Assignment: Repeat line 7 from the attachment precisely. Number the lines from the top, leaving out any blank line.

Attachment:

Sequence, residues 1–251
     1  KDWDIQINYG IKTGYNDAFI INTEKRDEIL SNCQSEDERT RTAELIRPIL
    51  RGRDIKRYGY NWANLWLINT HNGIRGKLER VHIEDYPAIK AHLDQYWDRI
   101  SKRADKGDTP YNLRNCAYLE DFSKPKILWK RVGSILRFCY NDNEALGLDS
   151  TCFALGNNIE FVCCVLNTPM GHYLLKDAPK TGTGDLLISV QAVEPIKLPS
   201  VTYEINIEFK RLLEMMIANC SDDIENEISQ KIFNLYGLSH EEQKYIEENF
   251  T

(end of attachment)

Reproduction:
   251  T